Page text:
'J'lem, Athens pursue a strong relationship in all aspects'

Exclusive: Greek President Papoulias tells ‘Post’ he doesn’t deny improved relations connected to deterioration of Israeli-Turkish ties.

Greek President Karolos Papoulias 311 (photo credit: REUTERS)
Greek President Karolos Papoulias 311
(photo credit: REUTERS)
Greek President Karolos Papoulias will arrive on Sunday night for a visit symbolizing the dramatic upgrade in Israeli-Greek ties that was evident last week when Athens refused to let Gaza-bound vessels set sail from its ports.
President Shimon Peres and Prime Minister Binyamin Netanyahu are expected to heap praise on Greece for its actions, which effectively put an end to the hopes of the flotilla’s organizers to sail for Gaza.
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Papoulias, who will be here for 48 hours, will be accompanied by Foreign Minister Stavros Lambrinidis, Culture and Tourism Minister Pavlos Geroulanos, and Deputy Environment, Energy and Climate Change Minister Yiannis Maniatis.
During his visit, the Greek president will go to Ramallah for meetings with the Palestinian leadership.
Papoulias, who served two stints as foreign minister in the late 1980s and mid-1990s, when Greece was considered one of the least friendly countries in Europe to Israel, was a close associate of the late prime minister Andreas Papandreou, the father of the current prime minister, George Papandreou.
The elder Papandreou was widely considered pro-Palestinian, and Papoulias was among those who built Greece’s strongly pro- Arab foreign policy at the time.
Now Papoulias is considered in Jerusalem as a supporter of Greece’s realignment of its policy toward Israel.
Ahead of his arrival, The Jerusalem Post conducted an email interview with Papoulias, in which he answered eight of 16 questions posed to him. While he did discuss the upgrade in Greek- Israeli ties, he did not answer questions such as whether Greece’s cold-shoulder toward Israel in the 1980s was a mistake, whether he thinks the dramatic improvement in ties with Israel reflects the attitude of government only, or the entire country, and what is Greece’s position regarding the PA’s statehood bid at the UN in September.
Why are good ties with Israel important for Greece?
Greece and Israel have rich and diverse ties – shared history in the wider Mediterranean area; shared pain through the extermination of Greek Jews by the Nazis. We are now involved in an intensive process of cooperation. Our ministers and officials systematically consult and work together on all levels and in key areas: energy, defense and security, agriculture, tourism. We are also working together on international issues and matters of regional concern to both countries. We are pursuing a strong relationship – strong on trade, strong on investment, strong on political and security cooperation.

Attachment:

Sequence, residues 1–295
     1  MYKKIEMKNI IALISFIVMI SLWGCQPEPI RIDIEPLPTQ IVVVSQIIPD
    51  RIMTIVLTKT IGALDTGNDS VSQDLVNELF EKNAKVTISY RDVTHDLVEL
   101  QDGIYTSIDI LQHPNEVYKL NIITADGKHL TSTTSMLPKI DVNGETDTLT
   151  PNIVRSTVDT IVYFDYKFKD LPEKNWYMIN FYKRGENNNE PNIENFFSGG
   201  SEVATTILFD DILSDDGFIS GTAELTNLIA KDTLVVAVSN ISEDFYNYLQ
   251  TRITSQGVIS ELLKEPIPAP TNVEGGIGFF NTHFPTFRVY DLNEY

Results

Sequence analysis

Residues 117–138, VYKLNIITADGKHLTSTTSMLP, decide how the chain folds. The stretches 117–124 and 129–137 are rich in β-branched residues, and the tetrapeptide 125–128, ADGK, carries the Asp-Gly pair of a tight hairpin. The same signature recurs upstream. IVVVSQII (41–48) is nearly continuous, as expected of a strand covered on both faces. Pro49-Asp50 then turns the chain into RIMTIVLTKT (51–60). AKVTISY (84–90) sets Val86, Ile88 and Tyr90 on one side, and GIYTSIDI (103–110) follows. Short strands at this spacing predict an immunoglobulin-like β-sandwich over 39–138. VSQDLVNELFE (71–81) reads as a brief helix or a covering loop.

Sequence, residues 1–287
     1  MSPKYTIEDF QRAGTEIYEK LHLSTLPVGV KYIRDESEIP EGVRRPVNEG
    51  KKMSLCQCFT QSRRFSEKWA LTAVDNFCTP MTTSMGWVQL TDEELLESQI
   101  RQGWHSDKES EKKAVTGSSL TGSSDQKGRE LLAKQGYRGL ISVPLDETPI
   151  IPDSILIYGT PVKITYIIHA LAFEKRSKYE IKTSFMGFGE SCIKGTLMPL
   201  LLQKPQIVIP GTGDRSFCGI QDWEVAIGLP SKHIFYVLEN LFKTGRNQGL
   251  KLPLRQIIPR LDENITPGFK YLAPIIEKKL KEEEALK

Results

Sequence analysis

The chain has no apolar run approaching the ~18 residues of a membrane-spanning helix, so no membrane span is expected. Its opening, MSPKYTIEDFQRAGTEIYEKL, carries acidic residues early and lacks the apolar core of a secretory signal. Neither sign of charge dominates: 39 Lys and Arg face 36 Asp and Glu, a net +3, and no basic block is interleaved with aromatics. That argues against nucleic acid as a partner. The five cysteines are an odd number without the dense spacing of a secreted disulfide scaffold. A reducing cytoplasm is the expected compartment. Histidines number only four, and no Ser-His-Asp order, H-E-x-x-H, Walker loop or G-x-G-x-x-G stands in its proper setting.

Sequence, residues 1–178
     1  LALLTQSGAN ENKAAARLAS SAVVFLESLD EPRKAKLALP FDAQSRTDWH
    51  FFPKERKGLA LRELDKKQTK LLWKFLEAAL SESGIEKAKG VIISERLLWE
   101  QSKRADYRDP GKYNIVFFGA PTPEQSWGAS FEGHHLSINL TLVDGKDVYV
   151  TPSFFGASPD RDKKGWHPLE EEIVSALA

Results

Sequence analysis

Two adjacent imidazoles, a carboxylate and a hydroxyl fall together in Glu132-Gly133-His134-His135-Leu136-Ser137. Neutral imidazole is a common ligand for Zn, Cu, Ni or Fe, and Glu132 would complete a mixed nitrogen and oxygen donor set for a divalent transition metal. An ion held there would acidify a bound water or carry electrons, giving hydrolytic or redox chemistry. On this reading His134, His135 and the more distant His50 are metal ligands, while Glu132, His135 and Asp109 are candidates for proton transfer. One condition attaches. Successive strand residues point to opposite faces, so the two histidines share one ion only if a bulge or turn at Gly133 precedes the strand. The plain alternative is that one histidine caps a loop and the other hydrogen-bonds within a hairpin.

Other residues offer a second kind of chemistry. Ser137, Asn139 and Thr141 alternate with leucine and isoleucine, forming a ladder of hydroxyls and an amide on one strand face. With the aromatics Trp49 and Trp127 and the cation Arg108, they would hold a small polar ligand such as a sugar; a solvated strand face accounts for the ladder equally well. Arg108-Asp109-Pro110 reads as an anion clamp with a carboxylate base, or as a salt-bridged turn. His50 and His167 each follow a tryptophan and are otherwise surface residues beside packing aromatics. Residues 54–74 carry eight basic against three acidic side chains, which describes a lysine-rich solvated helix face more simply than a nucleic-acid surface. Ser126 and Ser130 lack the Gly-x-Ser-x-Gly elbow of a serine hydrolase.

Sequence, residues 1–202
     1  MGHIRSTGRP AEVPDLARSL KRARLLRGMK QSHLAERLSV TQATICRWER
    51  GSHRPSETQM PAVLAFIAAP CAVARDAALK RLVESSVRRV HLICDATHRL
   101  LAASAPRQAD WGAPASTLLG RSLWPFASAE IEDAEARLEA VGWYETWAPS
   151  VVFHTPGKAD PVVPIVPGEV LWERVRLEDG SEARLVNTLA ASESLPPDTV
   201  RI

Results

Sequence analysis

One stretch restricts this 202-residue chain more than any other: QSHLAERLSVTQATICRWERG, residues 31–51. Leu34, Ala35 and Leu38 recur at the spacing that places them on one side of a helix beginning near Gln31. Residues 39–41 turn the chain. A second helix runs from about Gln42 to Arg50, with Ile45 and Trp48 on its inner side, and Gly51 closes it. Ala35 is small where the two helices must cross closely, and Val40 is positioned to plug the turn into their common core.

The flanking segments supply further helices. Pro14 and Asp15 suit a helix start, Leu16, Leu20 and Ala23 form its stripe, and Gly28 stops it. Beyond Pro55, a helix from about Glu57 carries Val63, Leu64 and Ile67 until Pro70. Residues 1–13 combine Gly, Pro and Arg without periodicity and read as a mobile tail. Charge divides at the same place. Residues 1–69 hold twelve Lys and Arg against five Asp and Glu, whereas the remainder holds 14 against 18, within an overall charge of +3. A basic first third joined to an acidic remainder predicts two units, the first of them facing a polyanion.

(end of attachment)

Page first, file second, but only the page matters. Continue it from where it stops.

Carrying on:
Why are close ties with Greece important for Israel?
I would say that this question would best be answered by Israeli officials.
Greece and Cyprus offer a safe and secure route towards Europe and the West. It is safe because it is not based on the good political climate between our two countries alone. Relationships based on politics may change, as we are all aware of. Our relationship is built on the more solid foundations of our common culture. The Greek route offers a safe environment for Israeli tourists, possibilities of increased economic cooperation, trade development and two-way investment, political and military cooperation that can benefit both our countries.
The delimitation of an Exclusive Economic zone between Cyprus and Israel, the discovery of major reserves of natural gas off the coast of both countries, and the possibility to export via Greece changes the geo-economic situation in our wider region. It offers Israel a secure route to Europe.
What are you most interested in? Strategic ties? Military ties? Economic ties?
I do not see relations with Israel as developing in piecemeal fashion. Relations between countries are not static.
For example, as I mentioned, the discovery of major reserves off the coast of Cyprus and Israel changes the geo-economic situation in the region. It opens up new opportunities for cooperation between Greece, Israel and Cyprus. That is why it is now strategically even more important that a viable solution be found to the Cyprus problem, and we are counting on the support of Israel to achieve this.